woman in cap and gown
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Earning a college degree can create a pathway to a better job, higher wages and overall improved quality of life. Studies show that college graduates earn significantly more money throughout their lifetime people with just a high school degree.

Stack of money
Pictures of Money / Flickr CC / http://j.mp/1SPGCl0

State funding for higher education in the U.S. is showing continued growth overall. That's according to the results of the latest Grapevine survey, an annual compilation of data on state fiscal support for higher education.

State funding rose by 3.4% across the U.S. from the 2015-16 to 2016-17 fiscal years. James Palmer is a professor of higher education at Illinois State University and Grapevine Editor.

A pea on a plate. With a fork and knife.
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The National School Lunch Program helps keep low-income kids from going hungry while they're in school. Over 21 million K-12 students in the U.S. received free and reduced-priced school lunches during the 2014-2015 school year.

But what happens to these same kids when they go off to college?

A recent study found nearly half of college students across the country are food insecure. That means they struggle just to get enough affordable, nutritious food.

Piggy Bank
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I know, I know. School just started and here we are already talking about the Free Application for Federal Student Aid (FAFSA).

The FAFSA application period used to start January 1. But for the 2017-2018 academic year, it launches three months sooner on October 1, 2016. 

Here are some things you need to know if you decide to sit down at the computer this weekend to start your application:

Oğuzhan Abdik / Flickr Creative Commons / http://j.mp/1SPGCl0

Did you go to college after high school and complete a degree? What influenced your decision, either way? 

It turns out that attitudes about the importance of a college education differ between racial and ethnic groups.

Black and Hispanic parents are more likely than white parents to see a college degree as key to their children's success, according to a recent Pew Research Center survey.

How can Michigan improve college access and affordability?

Sep 25, 2015
COD Newsroom / Flickr Creative Commons

The Center for Michigan’s latest report on improving career navigation and college affordability has received a lot of attention, and rightfully so. Student debt is an issue that is on a lot of people's minds; from the university admissions office, to the family dinner table and even on the presidential campaign trail.

Four in five Michigan residents say that improving college affordability isn't just a suggestion, but an urgent priority for the state.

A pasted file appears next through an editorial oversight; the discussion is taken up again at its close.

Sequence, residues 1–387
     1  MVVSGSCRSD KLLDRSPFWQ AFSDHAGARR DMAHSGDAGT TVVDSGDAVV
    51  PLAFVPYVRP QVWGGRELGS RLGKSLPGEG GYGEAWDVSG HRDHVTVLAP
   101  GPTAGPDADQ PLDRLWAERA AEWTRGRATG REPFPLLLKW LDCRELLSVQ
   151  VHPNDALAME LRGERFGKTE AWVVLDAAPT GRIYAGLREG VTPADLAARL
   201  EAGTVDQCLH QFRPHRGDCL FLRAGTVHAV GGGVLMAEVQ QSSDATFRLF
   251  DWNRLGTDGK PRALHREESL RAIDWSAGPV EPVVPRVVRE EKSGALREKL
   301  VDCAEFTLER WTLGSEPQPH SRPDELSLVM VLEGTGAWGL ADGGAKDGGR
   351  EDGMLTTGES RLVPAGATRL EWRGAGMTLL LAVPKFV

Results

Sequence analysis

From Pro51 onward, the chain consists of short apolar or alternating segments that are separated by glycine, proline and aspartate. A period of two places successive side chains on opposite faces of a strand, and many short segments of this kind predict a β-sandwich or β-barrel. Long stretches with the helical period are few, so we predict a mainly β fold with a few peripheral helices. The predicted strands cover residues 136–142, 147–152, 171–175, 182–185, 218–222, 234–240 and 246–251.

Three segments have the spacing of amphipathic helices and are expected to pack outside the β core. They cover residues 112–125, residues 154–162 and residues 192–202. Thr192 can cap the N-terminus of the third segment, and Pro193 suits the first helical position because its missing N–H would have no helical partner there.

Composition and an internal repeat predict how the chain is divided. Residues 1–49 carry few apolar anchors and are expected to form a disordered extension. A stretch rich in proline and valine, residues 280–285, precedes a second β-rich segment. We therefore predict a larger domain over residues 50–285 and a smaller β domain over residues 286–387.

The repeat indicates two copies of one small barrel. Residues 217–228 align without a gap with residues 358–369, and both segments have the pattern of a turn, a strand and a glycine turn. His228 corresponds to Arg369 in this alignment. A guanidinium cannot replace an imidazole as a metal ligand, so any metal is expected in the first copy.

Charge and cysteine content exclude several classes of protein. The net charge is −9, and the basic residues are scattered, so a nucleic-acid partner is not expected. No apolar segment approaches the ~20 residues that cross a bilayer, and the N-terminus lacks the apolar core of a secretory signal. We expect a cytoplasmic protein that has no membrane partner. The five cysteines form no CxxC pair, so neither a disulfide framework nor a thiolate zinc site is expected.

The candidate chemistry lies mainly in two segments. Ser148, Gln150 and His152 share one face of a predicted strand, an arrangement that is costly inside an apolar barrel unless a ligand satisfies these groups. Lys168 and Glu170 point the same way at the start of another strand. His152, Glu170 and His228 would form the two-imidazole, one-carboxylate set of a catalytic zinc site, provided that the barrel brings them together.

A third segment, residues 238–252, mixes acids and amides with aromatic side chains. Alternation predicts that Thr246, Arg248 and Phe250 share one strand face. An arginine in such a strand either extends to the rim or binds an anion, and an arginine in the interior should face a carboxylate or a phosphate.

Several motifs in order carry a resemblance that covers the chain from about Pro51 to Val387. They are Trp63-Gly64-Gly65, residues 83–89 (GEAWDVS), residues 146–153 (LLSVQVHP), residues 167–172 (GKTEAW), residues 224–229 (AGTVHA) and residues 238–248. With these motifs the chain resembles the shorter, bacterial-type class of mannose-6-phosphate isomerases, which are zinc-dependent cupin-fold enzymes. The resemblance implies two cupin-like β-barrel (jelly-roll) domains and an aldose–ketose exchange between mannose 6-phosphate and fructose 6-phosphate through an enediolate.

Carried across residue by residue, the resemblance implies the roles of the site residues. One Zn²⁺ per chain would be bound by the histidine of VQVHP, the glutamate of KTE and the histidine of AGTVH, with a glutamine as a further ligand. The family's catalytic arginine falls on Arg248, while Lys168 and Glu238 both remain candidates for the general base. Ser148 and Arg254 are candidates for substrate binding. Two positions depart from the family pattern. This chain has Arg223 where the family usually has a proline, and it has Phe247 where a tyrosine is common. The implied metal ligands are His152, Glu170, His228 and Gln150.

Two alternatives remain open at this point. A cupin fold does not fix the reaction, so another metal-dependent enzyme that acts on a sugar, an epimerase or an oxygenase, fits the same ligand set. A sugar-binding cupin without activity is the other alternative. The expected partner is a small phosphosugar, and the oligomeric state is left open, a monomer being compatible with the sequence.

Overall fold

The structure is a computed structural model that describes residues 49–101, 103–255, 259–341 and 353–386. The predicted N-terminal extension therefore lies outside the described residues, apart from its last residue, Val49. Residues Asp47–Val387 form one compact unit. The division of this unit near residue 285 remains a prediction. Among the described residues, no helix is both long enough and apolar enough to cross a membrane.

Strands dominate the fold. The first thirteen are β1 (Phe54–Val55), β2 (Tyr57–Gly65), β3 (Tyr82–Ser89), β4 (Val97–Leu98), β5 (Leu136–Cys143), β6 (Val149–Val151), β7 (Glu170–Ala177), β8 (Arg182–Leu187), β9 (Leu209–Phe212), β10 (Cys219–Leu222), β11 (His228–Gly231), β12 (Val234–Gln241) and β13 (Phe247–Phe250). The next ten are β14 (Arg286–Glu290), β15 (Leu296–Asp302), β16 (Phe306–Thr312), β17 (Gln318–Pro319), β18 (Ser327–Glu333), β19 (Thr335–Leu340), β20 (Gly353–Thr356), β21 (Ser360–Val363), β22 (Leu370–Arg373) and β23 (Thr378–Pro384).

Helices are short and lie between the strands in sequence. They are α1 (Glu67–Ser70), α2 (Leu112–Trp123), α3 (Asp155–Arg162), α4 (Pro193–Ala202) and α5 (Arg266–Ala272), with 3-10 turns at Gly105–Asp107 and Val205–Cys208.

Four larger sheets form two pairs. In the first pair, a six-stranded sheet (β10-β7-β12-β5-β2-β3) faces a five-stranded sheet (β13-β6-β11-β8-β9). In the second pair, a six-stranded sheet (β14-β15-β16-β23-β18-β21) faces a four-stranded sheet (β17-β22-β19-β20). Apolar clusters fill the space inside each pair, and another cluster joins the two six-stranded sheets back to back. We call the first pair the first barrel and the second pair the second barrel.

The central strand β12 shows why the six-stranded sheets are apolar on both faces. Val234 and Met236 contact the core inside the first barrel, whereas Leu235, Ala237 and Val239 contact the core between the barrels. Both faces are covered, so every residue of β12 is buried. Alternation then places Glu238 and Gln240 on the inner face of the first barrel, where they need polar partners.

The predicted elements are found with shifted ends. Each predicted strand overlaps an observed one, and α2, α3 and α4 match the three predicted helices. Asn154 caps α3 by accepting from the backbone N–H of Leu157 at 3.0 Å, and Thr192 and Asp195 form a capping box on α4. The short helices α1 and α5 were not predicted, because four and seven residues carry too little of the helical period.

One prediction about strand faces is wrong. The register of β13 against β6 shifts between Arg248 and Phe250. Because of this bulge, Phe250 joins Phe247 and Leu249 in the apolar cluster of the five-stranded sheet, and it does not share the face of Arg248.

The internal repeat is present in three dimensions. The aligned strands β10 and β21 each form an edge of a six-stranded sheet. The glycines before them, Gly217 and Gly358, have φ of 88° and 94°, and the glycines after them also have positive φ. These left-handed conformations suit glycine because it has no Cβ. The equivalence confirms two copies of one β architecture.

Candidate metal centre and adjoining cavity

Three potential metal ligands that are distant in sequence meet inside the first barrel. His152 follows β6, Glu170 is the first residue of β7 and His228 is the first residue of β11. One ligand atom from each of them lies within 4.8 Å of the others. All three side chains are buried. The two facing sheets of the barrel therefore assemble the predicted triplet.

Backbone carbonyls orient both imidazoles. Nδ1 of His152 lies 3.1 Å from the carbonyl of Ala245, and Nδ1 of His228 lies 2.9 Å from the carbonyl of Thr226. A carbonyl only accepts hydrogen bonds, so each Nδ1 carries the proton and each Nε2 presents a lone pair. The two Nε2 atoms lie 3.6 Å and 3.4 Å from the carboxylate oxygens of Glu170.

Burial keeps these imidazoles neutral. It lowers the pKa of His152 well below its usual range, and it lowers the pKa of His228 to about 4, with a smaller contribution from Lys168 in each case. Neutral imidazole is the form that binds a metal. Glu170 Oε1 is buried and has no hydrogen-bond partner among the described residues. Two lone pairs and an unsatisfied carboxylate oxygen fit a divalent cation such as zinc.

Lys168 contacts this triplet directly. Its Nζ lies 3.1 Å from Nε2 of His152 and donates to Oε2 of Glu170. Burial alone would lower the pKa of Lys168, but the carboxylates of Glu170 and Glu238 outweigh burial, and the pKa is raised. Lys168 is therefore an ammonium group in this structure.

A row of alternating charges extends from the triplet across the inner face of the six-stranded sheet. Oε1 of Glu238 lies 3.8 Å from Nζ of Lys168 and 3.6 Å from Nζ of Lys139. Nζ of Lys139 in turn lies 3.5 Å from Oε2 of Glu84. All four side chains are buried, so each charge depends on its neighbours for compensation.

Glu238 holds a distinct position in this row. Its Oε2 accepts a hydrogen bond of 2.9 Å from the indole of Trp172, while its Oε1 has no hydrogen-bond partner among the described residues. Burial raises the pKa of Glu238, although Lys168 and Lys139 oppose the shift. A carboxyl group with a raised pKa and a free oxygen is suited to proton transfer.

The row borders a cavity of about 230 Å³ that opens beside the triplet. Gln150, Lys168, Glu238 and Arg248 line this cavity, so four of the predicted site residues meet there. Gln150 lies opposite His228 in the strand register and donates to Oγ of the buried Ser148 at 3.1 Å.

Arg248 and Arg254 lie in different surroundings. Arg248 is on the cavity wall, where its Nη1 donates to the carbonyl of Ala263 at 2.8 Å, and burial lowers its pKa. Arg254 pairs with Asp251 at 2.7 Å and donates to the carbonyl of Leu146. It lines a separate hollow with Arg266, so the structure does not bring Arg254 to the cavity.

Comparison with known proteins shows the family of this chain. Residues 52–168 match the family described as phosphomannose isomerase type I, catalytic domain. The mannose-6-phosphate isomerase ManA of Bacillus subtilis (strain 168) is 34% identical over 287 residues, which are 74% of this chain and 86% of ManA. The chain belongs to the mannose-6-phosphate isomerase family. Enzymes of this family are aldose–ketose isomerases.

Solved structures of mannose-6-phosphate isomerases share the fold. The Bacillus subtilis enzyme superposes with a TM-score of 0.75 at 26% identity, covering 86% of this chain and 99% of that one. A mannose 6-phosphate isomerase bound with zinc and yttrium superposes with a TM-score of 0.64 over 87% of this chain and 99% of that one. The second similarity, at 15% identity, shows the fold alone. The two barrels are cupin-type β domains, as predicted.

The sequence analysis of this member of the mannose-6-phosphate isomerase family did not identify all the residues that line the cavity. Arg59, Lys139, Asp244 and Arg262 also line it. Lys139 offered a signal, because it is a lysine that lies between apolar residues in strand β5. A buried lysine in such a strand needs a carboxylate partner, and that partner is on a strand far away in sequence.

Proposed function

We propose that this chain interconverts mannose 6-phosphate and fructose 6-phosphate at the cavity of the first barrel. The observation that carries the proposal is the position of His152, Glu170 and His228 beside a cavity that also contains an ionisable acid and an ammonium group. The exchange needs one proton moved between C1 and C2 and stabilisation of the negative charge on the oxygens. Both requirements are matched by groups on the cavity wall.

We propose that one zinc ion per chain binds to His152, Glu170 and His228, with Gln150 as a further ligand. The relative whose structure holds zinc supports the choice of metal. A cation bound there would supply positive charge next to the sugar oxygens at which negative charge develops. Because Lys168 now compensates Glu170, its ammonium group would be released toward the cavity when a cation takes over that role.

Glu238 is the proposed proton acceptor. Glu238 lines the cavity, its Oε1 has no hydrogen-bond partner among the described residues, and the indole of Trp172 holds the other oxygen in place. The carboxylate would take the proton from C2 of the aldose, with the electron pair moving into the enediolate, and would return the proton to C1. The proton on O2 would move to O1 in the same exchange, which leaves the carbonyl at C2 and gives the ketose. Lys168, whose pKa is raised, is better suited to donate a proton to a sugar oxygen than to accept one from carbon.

Brittany Bartkowiak / Michigan Radio

The sun is beaming down on the University of Michigan’s Ann Arbor campus on what is likely one of the last summer days of the season. The open space in front of the library is full of students and professors rushing to grab lunch before their next class.

Photo via CMU Facebook

In the wave of data about higher education that the White House released last weekend, one fact emerges that was already painfully clear: The “haves” in higher education have quite a lot; the "have-nots" struggle mightily.

President Obama had been talking for some time now about creating a Consumer Reports-style college ratings system. On Saturday, the president unveiled his much-anticipated College Scorecard.

"You'll be able to see how much each school's graduates earn, how much debt they graduate with, and what percentage of a school's students can pay back their loans," the president said in his weekly address.

user John Patrick Robichaud / flickr

We've said it before, but it bears repeating: filling out the Free Application for Federal Student Aid form, or the FAFSA, can be a pain in the butt. But at this point, there's no way around it. If you're hoping to get some federal grants or financial aid to help offset the costs of college, then you're going to have to fill it out.

As my colleague Dustin Dwyer noted in a story he did earlier this year, even the U.S. Department of Education acknowledges there are serious problems with our country's financial aid system.

U.S. Department of Education

Proposals for making college debt-free have become all but mandatory for Democratic candidates on the presidential primary campaign trail. Hillary Clinton rolled out her plan at a campaign stop in New Hampshire on Monday.  Called the “New College Compact,” the proposal would cost $350 billion over 10 years.